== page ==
Once you register a trademark with the U.S. Patent and
Trademark Office, you have to use the trademark to keep
it. Merely registering it with the federal government does
not protect the mark. It must be used in commerce. If you
fail to use the mark or later go out of business, the mark
may be considered abandoned.
Intent to Use
If a trademark hasn't been in use at the time of
registration, you must file an "intent to use"
statement, and show its use within a specific period of
time. If you cannot prove use, the trademark will be
Several factors will most likely constitute abandonment:
- If the trademark was already properly registered
- Subsequent discontinued use of the trademark
- The intent not to further use the mark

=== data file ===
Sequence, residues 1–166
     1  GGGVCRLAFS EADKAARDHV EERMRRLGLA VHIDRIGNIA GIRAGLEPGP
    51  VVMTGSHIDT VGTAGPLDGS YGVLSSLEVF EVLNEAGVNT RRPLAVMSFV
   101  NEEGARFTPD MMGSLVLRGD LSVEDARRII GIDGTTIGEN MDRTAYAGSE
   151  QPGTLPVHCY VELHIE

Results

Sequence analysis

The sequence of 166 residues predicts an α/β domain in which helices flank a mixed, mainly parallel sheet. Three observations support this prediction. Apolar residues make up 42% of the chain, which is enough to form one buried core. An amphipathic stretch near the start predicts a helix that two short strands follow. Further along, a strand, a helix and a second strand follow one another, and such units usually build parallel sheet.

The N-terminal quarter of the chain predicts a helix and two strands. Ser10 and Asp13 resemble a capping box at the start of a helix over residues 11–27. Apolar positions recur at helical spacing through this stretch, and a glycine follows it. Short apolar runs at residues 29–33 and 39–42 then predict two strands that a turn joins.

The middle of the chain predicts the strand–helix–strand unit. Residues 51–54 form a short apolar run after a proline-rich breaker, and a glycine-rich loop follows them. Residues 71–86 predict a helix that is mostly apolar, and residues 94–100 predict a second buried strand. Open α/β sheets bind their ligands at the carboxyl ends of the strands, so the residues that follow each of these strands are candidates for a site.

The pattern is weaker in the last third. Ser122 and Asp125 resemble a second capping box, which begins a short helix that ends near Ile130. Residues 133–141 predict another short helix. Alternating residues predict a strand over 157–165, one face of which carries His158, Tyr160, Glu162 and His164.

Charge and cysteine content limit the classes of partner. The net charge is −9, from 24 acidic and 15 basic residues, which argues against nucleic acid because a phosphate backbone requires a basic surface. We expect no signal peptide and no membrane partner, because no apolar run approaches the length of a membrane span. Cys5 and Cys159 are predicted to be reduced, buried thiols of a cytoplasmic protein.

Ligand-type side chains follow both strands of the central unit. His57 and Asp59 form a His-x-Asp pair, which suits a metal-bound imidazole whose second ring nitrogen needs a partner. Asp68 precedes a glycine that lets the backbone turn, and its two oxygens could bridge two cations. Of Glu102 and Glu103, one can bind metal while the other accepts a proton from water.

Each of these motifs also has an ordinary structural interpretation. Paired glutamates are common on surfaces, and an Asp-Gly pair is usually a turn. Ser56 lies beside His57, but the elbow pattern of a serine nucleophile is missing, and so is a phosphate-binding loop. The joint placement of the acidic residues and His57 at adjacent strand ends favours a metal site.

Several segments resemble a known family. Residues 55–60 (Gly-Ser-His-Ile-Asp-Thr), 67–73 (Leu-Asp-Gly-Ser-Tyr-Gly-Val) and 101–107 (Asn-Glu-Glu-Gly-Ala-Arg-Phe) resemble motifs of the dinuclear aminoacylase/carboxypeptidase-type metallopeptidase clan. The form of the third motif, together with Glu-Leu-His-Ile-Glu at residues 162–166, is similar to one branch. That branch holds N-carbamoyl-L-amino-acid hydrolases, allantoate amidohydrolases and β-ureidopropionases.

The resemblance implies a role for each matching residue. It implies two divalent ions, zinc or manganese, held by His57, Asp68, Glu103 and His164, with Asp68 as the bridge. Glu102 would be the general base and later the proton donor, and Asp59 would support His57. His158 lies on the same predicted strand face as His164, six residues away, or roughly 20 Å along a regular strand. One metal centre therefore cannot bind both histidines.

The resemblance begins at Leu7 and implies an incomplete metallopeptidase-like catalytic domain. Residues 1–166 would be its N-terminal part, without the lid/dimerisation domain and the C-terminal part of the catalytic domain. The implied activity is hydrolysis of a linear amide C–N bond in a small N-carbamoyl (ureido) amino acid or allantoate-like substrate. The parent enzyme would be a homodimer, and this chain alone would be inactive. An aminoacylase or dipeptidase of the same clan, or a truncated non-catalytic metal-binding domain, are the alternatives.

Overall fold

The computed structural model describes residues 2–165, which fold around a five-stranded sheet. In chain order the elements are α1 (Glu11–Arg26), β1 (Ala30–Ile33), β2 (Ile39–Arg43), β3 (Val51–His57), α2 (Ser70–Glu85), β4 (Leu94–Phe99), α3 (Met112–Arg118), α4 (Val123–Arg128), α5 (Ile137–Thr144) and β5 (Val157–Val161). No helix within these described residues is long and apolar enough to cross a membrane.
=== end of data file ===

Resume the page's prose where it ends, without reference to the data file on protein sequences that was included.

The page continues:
However, if the non-use is the result of economic
circumstances, and the owner nevertheless intends to use
the mark, an abandonment has not occurred, and the non-use
Anywhere in U.S.
Abandonment does not occur simply because of discontinued
use in a particular geographic area of the United States,
while maintaining use in other geographical areas. A
federal trademark technically has nationwide application,
and so as long as it is being used somewhere in interstate
commerce, a trademark most likely will not be considered
The consequences of an abandoned trademark are twofold:
- The mark becomes available for use by the first
person or business to properly register it and use it
- Any business already using the mark may be permitted
to use the mark
However, the U.S. Patent and Trademark Office will
likely require proof of abandonment by the prior user, and
give him/her a chance to show that the mark had not been
To prevent abandonment of trademarks, the owner must
follow all requirements of the federal trademark laws.
Otherwise, the trademark may be considered abandoned,
which can be fatal to a business.